The Fleurieu Aquatic Centre is a contemporary building which responds to the local topography and is reflective of the cultural significance of local indigenous heritage. Victor Harbor is a low density, a friendly seaside area with a rapidly growing population. The centre provides a new community focus for recreation, fitness and leisure through its eight-lane 25 metre lap swimming pool, warm water rehabilitation pool, leisure and learn-to-swim pool, outdoor splash pad with adjacent family focussed BBQ and picnic areas and its fitness facility.
Project Name: Fleurieu Regional Aquatic Centre
Studio Name: DWP
Location: Adelaide, Australia
Photography: Hames Sharley
As a family-friendly centre, it facilitates social opportunities with the inclusion of a creche and commercial kiosk with adjoining feature deck offering generous views to local wetlands and surrounds.
Managing a range of complex stakeholder interests was the key to the success of the project, has been a joint venture between the City of Victor Harbor and Alexandrina Council, supported by Federal and State Government funding. The project not only represents a significant financial investment by local Councils, pleasantly being delivered under budget and on time but also in the health and wellbeing of this regional community. The development enhances the two Council’s recreational services infrastructure by providing an appealing, all-weather leisure and health destination.
The concept for Fleurieu Aquatic Centre is inspired by the local indigenous story of Kondili the whale. In this story, four friends are attacked and retreat to the sea to become four sea creatures. This is manifested in the pool by way of four key spaces (pool hall, warm water pool, community facilities / multipurpose and administration/services spine) representing each of the creatures.
This concept reflects integrated design thinking reinforcing a key sustainability feature of the project, that the built building must be “of its place” or genius loci. Through a holistic design response, this has meant that local materials and skills were sought, (hence the use of local earth for the rammed earth walls) and that the design responds to its specific climate conditions and social and cultural needs.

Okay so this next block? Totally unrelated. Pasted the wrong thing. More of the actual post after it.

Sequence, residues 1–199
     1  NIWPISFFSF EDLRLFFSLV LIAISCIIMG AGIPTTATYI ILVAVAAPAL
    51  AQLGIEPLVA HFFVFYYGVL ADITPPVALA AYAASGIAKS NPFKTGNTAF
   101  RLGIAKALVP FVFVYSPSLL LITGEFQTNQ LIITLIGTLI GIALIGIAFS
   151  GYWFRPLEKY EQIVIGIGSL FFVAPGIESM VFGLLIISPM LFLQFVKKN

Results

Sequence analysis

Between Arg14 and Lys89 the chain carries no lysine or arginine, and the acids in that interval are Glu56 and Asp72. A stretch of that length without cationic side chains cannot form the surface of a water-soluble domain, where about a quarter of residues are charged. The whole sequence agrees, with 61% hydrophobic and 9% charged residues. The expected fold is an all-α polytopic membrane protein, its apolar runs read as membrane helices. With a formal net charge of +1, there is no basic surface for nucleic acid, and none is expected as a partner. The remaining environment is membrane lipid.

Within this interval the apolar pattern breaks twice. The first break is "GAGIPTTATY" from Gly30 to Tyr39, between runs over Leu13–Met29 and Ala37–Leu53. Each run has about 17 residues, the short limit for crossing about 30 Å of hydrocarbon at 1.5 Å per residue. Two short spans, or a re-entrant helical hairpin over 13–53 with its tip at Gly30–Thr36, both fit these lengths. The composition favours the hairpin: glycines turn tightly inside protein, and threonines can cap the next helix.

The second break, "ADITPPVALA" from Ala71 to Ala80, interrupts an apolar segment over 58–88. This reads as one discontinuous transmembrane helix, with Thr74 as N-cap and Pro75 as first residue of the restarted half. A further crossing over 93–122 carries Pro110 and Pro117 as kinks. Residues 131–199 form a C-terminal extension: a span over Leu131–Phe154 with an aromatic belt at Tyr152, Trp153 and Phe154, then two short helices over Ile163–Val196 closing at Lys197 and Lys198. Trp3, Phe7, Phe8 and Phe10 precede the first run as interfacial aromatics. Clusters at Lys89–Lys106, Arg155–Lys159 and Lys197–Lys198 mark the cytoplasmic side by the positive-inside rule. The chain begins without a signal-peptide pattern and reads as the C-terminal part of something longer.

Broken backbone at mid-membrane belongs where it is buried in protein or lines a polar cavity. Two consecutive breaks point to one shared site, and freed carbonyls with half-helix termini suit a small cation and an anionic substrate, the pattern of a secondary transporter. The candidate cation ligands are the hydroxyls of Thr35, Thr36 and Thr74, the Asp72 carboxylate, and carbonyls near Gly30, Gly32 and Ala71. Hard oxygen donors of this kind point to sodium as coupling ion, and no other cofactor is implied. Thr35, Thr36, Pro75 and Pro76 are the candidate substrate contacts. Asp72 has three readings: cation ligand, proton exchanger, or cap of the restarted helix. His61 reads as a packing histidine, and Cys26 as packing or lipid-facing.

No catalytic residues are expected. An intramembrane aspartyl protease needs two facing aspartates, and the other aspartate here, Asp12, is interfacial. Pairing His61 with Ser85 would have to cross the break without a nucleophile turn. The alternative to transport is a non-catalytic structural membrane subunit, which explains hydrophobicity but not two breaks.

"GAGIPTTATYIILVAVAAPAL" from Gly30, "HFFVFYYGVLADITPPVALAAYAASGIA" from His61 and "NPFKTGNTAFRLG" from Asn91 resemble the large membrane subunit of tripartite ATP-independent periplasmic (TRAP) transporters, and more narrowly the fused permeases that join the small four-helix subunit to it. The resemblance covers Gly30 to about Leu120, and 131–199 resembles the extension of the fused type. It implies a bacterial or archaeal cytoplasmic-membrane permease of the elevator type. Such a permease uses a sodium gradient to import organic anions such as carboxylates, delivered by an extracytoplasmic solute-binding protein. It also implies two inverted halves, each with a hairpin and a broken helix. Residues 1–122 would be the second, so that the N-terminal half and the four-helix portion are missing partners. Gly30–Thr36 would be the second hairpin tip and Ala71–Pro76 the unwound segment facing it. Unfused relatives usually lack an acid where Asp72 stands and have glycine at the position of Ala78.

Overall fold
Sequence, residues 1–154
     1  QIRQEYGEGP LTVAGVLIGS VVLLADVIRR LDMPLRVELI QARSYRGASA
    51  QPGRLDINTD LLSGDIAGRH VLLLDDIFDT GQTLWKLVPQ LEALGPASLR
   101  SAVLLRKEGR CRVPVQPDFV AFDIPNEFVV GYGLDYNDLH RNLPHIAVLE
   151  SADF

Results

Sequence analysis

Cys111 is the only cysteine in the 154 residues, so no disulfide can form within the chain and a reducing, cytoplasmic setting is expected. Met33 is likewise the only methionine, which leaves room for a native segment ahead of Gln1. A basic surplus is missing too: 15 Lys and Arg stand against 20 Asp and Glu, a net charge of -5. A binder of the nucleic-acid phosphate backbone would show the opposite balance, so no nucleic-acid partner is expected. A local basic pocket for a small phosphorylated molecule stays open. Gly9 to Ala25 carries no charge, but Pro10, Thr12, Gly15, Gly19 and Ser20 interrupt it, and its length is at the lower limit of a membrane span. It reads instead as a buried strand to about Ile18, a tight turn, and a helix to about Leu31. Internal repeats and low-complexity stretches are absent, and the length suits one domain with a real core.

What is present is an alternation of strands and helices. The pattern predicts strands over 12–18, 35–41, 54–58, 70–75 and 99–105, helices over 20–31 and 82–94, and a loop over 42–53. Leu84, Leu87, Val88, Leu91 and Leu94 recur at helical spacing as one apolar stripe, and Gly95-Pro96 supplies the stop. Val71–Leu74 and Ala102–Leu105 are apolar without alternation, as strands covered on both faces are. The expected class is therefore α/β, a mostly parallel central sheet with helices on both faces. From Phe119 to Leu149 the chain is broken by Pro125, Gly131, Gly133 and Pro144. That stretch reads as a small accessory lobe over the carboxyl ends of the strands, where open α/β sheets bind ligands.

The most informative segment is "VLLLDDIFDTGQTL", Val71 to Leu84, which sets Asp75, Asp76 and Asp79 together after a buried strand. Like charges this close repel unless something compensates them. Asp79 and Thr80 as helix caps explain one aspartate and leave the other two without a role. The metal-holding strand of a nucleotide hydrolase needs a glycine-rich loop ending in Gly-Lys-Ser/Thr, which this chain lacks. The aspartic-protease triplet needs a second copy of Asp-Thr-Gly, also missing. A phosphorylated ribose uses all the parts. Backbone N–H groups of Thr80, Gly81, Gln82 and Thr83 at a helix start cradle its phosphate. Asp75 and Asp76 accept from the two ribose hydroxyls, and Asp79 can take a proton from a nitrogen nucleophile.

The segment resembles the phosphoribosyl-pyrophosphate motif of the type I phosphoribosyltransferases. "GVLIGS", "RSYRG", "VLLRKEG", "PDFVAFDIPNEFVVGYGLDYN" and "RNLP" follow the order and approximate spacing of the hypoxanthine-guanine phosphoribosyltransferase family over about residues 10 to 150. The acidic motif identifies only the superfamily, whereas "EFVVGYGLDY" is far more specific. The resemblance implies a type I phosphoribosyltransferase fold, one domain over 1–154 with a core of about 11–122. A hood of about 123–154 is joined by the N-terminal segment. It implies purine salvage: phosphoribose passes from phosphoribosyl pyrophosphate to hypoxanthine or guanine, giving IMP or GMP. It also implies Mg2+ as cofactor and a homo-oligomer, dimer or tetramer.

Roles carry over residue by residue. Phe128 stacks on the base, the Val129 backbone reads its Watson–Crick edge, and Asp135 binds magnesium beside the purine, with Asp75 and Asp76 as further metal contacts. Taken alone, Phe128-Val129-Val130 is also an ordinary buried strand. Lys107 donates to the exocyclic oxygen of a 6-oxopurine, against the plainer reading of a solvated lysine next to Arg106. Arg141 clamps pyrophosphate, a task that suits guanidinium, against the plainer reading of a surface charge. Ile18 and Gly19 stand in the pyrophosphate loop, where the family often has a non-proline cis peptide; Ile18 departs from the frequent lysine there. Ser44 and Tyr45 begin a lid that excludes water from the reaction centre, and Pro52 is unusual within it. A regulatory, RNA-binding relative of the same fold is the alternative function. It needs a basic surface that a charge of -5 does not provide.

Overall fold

The building has successfully responded to its specific social context through the employment of local trades and skills, via the decision to specify a premium product such as rammed earth when other imported products could have sufficed; and secondly the methodological practice of being inherently “of the area” with local focus groups having been involved in numerous consultation sessions such that they were offered the opportunity to be included in the design process as an expert group.
Significant time was spent during design in assessing the local climatic conditions to establish the optimum building siting, orientation and massing. In fact, this project was heavily focused on collaboration, with not only two architectural practices successfully collaborating on design but also the involvement of the diverse sub-consultant team from the early concept phase, and the bi-partisan relationship of two Regional Councils. The project is focused on providing for visitors of all ages and abilities, including extensive hoist facilities to assist mobility challenged patrons on entering the pool.